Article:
"Important and engrossing. . . even when charting the complexities of law, Sands's writing has the intrigue, verve and material density of a first-rate thriller. . . He can magic whole histories of wartime heroism out of addresses eight decades old. Or, chasing the lead of a faded photograph, he can unearth possible alternate grandparents and illicit liaisons to be verified only by DNA tests. . . an exceptional memoir." - Lisa Appignanesi,Observer
"Engrossing ... Sands has written a remarkable and enjoyable book, deftly weaving his own family history into a lively account of the travails of the early campaigners for international human rights law." - Caroline Moorhead, Literary Review
"A magnificent book. A work of great brilliance. There is narrative sweep and intellectual grip. Everything that happens is inevitable and yet comes as a surprise. I was moved to anger and to pity. In places I gasped, in places I wept. I wanted to reach the end. I couldn't wait to reach the end. And then when I got there I didn't want to be at the end." - Daniel Finkelstein, The Times
A fascinating and revealing book, for the things it explains: the origins of laws that changed our world, no less. It's also a readable book, and thoughtful, and compassionate. Most fundamentally, though, it's a book that tells a few individual human stories that lie behind the world-changing ones. That storytelling isn't redemptive - what could be, in this context? - but it confronts all those silences and challenges them. That challenge makes it an important book too -- Daniel Hahn * THE SPECTATOR *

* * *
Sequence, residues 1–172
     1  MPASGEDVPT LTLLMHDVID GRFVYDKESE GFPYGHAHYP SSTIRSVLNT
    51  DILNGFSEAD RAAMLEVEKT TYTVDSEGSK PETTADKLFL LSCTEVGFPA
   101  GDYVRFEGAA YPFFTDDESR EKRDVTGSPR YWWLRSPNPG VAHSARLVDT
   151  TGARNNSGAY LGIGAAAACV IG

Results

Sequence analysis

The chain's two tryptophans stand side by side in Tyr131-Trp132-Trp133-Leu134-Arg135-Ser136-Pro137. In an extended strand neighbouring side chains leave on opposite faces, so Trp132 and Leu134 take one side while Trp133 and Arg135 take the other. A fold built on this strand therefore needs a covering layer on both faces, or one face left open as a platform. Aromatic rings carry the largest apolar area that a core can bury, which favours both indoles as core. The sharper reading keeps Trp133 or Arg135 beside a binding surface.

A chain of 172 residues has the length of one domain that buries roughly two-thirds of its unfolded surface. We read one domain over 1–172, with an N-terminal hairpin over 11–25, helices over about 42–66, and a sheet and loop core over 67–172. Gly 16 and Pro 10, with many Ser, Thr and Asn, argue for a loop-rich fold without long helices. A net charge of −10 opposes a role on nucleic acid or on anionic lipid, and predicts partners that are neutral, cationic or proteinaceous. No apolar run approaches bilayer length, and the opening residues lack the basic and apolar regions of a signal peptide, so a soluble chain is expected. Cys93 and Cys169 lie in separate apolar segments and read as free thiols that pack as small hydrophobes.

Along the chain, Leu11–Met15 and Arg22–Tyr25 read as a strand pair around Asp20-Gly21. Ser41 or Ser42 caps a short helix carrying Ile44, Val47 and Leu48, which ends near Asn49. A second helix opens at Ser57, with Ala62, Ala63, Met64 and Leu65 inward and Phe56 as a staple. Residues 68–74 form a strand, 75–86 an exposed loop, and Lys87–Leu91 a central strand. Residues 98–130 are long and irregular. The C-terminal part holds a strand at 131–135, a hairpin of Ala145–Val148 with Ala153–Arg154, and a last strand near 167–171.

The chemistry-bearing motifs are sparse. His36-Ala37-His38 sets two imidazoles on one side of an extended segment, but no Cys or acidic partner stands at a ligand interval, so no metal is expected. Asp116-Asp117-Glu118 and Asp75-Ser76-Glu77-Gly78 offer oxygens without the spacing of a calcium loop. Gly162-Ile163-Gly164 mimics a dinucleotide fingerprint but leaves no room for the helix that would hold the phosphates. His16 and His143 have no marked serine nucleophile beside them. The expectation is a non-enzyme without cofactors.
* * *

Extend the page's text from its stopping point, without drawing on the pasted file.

A vivid and readable contribution, part memoir, part documentary, to the history debate ... Much of the most compelling material in this book is personal ... Moving and powerful -- Mark Mazower * FINANCIAL TIMES *
Outstanding ... This is the best kind of intellectual history. Sands puts the ideas of Lemkin and Lauterpacht in context and shows how they still resonate today, influencing Tony Blair, David Cameron and Barack Obama. When we think of the atrocities committed by Slobodan Milosevic or Bashar al-Assad, it is the ideas of these two Jewish refugees we turn to. Sands shows us in a clear, astonishing story where they came from -- David Herman * NEW STATESMAN *
In a triumph of astonishing research, Sands has brilliantly woven together several family stories which lead to the great denouement at the Nuremberg tribunal. No novel could possibly match such an important work of truth -- Antony Beevor
A book like no other I have ever read - unputdownable and unforgettable -- Orlando Figes
A beautiful and necessary book -- A.L. Kennedy
Dazzling, shatttering. East West Street is one of the most extraordinary books that I have ever read. * Antonia Fraser *
An exacting, heroic, essential education -- Peter Florence * DAILY TELEGRAPH *
A masterpiece -- Andrew Neather * EVENING STANDARD *
A narrative to my knowledge unprecedented. . . a machine of power and beauty that should not be ignored by anyone in the United States or elsewhere who would believe there are irreparable crimes whose adjudication should not stop at the border * NEW YORK TIMES